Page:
Staff Sgt. Ryan Major and his squad creep silently closer.
The enemy has already killed and maimed American troops with roadside bombs. Intel says the largest cache of explosives is right here. Major is part of the late-night raid to bring them down. This is where he wants to be.
“I was a junior in high school when the Towers were hit. I knew I wanted to do something then. And when it came time to choose college or something else, I wanted to get my hands dirty. It all stemmed from the Towers. I wanted to do my part.”
He’s in the desert as part of a light infantry unit. As he and his team get closer, the insurgents wait.
“We were two or three blocks away and I watched two squads cross that intersection,” he says.
He’s only a couple feet away now.
“I took like five steps … “
Major steps down with his right leg.
The enemy pushes the remote control.
The bomb explodes with a deafening roar, and fills the air with a lethal mix of fire and shrapnel.
“I was awake for the whole thing,” he said. “I remember going up and facing the stars.”
Major, 22, is blown up and over a steel gate and six-foot concrete wall.
Ryan Major loves rugby because it’s loud, fast and has lots of crashes. He is hoping for gold at this year’s National Veterans Wheelchair Games.
His team, many with shrapnel injuries themselves, jump into their armored Bradley Fighting Vehicle, smash through the concrete and rush him back to the base camp.
“My guy, he had me laying on the floor and he is covering my leg. I’m losing blood like crazy. Trying to go to sleep. He smacks the p— out of me a couple times. I knew I was in a bad situation.”
“Read me my Last Rites. Tell my mom I love her,” Major says to his soldier.
“No! Wake your b— ass up! I’m not telling her anything! You’re telling her!”
They make it back to base.
“The surgeons and the doctors, they did their thing. Then they induced me into a coma.”
Doctors cut off his right leg and right thumb in Iraq. An infection while he was still in the coma took his left leg, two fingers on his right hand, his thumb on his left, part of his elbow and forearm.
Major wakes up six weeks later, December 26, in a hospital room inside Walter Reed.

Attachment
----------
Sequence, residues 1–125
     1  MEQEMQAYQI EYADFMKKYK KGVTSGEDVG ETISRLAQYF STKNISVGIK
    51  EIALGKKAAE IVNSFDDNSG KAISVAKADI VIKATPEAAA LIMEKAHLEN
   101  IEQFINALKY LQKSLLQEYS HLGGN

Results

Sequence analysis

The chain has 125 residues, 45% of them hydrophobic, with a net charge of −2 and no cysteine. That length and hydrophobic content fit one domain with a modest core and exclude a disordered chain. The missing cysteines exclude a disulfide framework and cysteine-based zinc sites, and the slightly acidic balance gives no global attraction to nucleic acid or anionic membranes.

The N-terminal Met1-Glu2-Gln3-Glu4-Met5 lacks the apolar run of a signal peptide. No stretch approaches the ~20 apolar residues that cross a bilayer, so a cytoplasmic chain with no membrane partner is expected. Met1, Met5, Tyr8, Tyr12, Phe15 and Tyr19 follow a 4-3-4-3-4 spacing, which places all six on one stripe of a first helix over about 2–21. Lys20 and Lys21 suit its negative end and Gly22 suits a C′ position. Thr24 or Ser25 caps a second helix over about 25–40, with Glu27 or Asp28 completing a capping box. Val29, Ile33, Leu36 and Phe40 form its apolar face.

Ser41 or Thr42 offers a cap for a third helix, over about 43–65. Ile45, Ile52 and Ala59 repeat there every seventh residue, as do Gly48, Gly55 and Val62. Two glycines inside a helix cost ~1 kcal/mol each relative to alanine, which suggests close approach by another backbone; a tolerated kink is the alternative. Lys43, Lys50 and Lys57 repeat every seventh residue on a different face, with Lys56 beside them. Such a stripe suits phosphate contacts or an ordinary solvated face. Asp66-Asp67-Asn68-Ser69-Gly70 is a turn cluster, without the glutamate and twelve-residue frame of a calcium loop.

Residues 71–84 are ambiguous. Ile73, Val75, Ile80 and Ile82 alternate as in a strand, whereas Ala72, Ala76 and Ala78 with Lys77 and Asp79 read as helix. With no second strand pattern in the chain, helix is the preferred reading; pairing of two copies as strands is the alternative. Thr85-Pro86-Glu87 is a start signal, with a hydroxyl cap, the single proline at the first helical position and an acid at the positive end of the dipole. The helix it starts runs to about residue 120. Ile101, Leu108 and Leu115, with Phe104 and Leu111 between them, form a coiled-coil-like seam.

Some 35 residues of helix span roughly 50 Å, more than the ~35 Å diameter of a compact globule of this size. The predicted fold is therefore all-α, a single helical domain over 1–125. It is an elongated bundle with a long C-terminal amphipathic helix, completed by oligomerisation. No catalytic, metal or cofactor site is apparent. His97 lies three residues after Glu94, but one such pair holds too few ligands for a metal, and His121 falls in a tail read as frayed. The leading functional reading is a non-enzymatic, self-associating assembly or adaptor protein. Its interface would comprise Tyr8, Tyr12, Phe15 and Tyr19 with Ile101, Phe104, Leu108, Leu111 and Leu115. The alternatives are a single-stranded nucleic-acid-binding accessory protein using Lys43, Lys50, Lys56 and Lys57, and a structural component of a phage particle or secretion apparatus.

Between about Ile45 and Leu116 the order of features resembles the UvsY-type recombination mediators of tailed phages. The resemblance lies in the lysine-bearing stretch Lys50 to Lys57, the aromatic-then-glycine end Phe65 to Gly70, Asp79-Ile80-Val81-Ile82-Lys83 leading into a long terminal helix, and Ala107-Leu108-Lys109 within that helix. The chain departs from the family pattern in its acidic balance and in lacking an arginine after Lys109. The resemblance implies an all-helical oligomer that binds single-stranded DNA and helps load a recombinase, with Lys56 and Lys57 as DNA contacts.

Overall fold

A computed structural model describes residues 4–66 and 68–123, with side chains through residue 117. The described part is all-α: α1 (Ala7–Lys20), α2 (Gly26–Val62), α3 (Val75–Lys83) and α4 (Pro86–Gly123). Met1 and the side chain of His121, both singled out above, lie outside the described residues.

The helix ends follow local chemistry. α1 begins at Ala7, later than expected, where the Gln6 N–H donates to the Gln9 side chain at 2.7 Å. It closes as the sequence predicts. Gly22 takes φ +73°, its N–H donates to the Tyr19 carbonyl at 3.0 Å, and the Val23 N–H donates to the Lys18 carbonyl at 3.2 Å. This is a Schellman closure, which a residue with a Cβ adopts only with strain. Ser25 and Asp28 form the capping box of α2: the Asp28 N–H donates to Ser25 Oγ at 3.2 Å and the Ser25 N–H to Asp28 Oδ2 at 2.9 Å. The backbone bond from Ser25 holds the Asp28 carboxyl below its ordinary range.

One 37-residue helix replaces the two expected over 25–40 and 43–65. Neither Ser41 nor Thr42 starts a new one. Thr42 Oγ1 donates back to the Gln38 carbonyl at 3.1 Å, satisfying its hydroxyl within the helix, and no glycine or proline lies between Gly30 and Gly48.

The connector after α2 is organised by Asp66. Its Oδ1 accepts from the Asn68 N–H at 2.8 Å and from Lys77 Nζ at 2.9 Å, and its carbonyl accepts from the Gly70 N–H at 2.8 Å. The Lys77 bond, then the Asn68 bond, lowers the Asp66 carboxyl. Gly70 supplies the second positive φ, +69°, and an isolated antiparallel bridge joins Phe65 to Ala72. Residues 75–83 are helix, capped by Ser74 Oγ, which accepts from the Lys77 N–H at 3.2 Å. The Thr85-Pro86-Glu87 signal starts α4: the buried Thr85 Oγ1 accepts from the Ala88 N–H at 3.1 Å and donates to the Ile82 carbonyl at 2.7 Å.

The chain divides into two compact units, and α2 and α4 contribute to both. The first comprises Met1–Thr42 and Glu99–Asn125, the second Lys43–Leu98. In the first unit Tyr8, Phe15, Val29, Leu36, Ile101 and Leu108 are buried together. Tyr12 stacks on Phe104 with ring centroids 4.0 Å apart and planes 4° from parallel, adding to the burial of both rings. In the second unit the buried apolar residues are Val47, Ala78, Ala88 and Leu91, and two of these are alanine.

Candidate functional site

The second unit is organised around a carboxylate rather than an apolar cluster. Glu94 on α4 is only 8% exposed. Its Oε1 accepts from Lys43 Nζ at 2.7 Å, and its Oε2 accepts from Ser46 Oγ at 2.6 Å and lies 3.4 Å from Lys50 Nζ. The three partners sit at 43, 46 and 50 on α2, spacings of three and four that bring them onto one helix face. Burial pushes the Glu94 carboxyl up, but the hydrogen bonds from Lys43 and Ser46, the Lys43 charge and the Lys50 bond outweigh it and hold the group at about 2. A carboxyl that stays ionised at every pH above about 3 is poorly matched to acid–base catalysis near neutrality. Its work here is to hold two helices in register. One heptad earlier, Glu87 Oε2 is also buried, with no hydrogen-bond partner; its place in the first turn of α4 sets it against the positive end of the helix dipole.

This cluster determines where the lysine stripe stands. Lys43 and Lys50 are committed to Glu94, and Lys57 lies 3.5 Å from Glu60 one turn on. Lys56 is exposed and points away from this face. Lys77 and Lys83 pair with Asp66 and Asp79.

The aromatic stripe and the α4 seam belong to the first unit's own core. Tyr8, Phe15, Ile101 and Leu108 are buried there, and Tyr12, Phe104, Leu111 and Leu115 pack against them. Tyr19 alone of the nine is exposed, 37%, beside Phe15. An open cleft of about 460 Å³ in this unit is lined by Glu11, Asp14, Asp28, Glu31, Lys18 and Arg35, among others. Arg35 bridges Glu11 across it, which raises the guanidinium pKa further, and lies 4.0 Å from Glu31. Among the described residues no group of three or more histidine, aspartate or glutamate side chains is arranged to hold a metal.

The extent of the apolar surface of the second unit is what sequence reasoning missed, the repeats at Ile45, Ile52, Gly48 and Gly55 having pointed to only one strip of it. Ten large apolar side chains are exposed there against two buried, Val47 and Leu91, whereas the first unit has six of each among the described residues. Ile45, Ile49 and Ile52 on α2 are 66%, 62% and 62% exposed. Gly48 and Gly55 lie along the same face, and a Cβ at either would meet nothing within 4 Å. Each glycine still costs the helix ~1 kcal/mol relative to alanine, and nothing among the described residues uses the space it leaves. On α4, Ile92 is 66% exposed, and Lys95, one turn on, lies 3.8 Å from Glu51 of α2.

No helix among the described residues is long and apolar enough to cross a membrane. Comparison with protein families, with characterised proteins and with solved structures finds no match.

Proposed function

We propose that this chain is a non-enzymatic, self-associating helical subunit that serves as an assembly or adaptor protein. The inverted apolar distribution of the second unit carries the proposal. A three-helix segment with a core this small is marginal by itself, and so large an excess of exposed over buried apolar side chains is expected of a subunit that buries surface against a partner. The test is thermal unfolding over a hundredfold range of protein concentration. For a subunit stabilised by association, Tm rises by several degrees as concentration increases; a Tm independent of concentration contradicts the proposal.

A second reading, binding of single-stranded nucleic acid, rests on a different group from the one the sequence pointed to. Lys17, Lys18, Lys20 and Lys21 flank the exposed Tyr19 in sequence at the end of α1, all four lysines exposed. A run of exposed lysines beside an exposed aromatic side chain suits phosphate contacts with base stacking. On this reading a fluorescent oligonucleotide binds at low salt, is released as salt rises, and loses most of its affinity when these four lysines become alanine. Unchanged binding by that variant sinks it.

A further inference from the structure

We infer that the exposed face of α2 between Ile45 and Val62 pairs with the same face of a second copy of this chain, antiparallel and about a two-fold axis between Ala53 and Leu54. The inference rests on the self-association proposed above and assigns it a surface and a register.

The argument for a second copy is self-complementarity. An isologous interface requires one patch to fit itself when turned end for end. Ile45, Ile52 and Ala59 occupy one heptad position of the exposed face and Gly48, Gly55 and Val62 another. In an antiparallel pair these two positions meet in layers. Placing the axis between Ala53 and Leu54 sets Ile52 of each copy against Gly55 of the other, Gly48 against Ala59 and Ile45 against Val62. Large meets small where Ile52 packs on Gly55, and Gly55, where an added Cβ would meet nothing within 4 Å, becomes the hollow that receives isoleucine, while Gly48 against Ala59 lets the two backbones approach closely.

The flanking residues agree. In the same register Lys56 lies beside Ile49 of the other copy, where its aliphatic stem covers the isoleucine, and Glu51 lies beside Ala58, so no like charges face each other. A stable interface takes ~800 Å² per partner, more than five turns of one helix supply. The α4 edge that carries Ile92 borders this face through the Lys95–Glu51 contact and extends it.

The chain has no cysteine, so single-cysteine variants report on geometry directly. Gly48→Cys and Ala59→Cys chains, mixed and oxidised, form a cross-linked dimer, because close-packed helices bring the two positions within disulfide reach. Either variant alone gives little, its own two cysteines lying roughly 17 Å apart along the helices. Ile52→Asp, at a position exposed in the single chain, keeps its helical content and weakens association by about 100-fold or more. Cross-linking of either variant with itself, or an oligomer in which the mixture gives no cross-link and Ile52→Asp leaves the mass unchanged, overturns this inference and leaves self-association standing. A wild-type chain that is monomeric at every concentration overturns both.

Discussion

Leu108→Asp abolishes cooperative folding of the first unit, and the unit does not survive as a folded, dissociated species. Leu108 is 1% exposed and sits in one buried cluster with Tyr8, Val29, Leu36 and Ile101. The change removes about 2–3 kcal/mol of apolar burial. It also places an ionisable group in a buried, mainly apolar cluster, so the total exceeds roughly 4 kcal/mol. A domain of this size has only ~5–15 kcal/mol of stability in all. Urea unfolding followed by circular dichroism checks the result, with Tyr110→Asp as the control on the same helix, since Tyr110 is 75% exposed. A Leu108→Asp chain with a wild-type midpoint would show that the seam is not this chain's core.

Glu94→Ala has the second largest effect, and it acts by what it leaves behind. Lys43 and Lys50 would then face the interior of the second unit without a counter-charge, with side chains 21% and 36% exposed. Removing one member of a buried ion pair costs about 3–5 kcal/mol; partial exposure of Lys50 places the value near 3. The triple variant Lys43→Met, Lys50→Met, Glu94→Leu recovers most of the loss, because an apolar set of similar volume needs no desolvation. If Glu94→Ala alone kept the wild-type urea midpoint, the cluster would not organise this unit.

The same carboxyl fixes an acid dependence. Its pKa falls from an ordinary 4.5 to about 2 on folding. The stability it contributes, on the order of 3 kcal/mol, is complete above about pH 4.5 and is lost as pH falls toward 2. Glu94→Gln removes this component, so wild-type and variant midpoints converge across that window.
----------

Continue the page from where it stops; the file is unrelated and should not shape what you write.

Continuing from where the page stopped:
“Hey, it’s sports. I’m a competitor. I was competing in the military. I’m competing still. It’s fast and I like to go fast.”
Major whips around with a white ball in his hand. A wheelchair cracks into him from behind and throws him from the chair and to the ground. He gets helped back in and shakes it off. Another chair crashes into him from the side as Major smacks down on his wheel into a backspin and then scores.
He crosses his arms, leans back his head and howls to the rafters.
He makes it look easy, but it wasn’t always this way.
Ryan Major races down the court on the way to a score.
“Dude, it was rough,” he said. “So rough, and I was in a really dark spot. A deep, weird depression. It was a lot of self-doubt and being hard on myself. It’s typical, going from a 100 percent independent man, having to depend on everybody for everything. That took a really big shot to my pride.
“It took me so long. I don’t have my legs. I can’t play football or anything I used to do and love. I used to play football. I wrestled. I did track and field. Now I can’t do any of that.”
Days turned into weeks, months and years.
His mom, Lorrie Knight-Major, said she and his brothers — Michael and Milan — along with Ryan’s friends, rallied to do whatever needed done.
“I credit his brothers, his family and his amazing friends who have been there all the way for him, and for all of us,” Knight-Major said. “To this day, he has a great support system. I wished every veteran and every person recovering had that kind of love.”
Corey Fick, Ryan’s best friend since the 6th grade, visited him almost every day in the hospital and made him get out and about.
“Everybody was crying when we found out he got hurt, but he is a soldier through and through,” Fick said. “He is a soldier through and through, and whatever his cause, he’ll die for it. There’s no fight he’s not going to win. I think he had a 4 percent chance of making it out of Ramadi alive.
“If this happened to anyone but Ryan, I don’t think they could do what he is doing. He has no fear and is living life to the fullest.”
As Major watched others in a wheelchair living their lives, that’s when he knew he had to do it, too.
“I’m watching other vets in my situation who had been hurt for a few years. They’re walking and talking and out having fun and I’m overhearing them. Why am I moping around when you got other amputees going out and having the time of their life?
“It was time for me to get my ass out of this bed and start getting active.”
Besides quad rugby, you can find Ryan Major kayaking and even skiing.
The first thing he did was the Hope and Possibilities handcycle race around Central Park.
“You hear people cheering you and that started to boost me back, but it was easy. I went back to my therapist and said, ‘What’s next?'”
“There’s an Army 10-miler,” the therapist said.
He did it and wanted more. So he did the New York Marathon — 26.2 miles on a hand cycle.